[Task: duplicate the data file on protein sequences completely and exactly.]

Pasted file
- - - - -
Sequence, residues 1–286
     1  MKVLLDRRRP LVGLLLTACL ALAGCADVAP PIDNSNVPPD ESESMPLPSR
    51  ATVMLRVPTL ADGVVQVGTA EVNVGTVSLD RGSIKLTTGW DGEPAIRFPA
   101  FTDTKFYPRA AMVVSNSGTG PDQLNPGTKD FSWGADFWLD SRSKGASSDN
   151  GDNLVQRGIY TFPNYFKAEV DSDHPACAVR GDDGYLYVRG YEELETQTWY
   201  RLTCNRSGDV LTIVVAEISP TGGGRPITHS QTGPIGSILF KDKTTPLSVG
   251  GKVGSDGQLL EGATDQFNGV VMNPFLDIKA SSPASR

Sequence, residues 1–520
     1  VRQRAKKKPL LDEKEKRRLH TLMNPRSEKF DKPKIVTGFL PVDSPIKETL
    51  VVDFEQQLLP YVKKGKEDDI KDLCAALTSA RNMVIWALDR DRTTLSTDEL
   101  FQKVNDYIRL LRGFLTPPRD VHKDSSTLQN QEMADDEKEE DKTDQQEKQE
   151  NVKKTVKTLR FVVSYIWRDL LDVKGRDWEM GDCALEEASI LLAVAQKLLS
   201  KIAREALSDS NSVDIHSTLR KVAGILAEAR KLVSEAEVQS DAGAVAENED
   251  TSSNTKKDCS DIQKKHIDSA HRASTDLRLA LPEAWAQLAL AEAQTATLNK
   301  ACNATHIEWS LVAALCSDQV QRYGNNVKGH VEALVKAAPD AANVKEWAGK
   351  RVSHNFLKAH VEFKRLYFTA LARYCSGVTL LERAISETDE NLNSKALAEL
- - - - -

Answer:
Sequence, residues 1–286
     1  MKVLLDRRRP LVGLLLTACL ALAGCADVAP PIDNSNVPPD ESESMPLPSR
    51  ATVMLRVPTL ADGVVQVGTA EVNVGTVSLD RGSIKLTTGW DGEPAIRFPA
   101  FTDTKFYPRA AMVVSNSGTG PDQLNPGTKD FSWGADFWLD SRSKGASSDN
   151  GDNLVQRGIY TFPNYFKAEV DSDHPACAVR GDDGYLYVRG YEELETQTWY
   201  RLTCNRSGDV LTIVVAEISP TGGGRPITHS QTGPIGSILF KDKTTPLSVG
   251  GKVGSDGQLL EGATDQFNGV VMNPFLDIKA SSPASR

Sequence, residues 1–520
     1  VRQRAKKKPL LDEKEKRRLH TLMNPRSEKF DKPKIVTGFL PVDSPIKETL
    51  VVDFEQQLLP YVKKGKEDDI KDLCAALTSA RNMVIWALDR DRTTLSTDEL
   101  FQKVNDYIRL LRGFLTPPRD VHKDSSTLQN QEMADDEKEE DKTDQQEKQE
   151  NVKKTVKTLR FVVSYIWRDL LDVKGRDWEM GDCALEEASI LLAVAQKLLS
   201  KIAREALSDS NSVDIHSTLR KVAGILAEAR KLVSEAEVQS DAGAVAENED
   251  TSSNTKKDCS DIQKKHIDSA HRASTDLRLA LPEAWAQLAL AEAQTATLNK
   301  ACNATHIEWS LVAALCSDQV QRYGNNVKGH VEALVKAAPD AANVKEWAGK
   351  RVSHNFLKAH VEFKRLYFTA LARYCSGVTL LERAISETDE NLNSKALAEL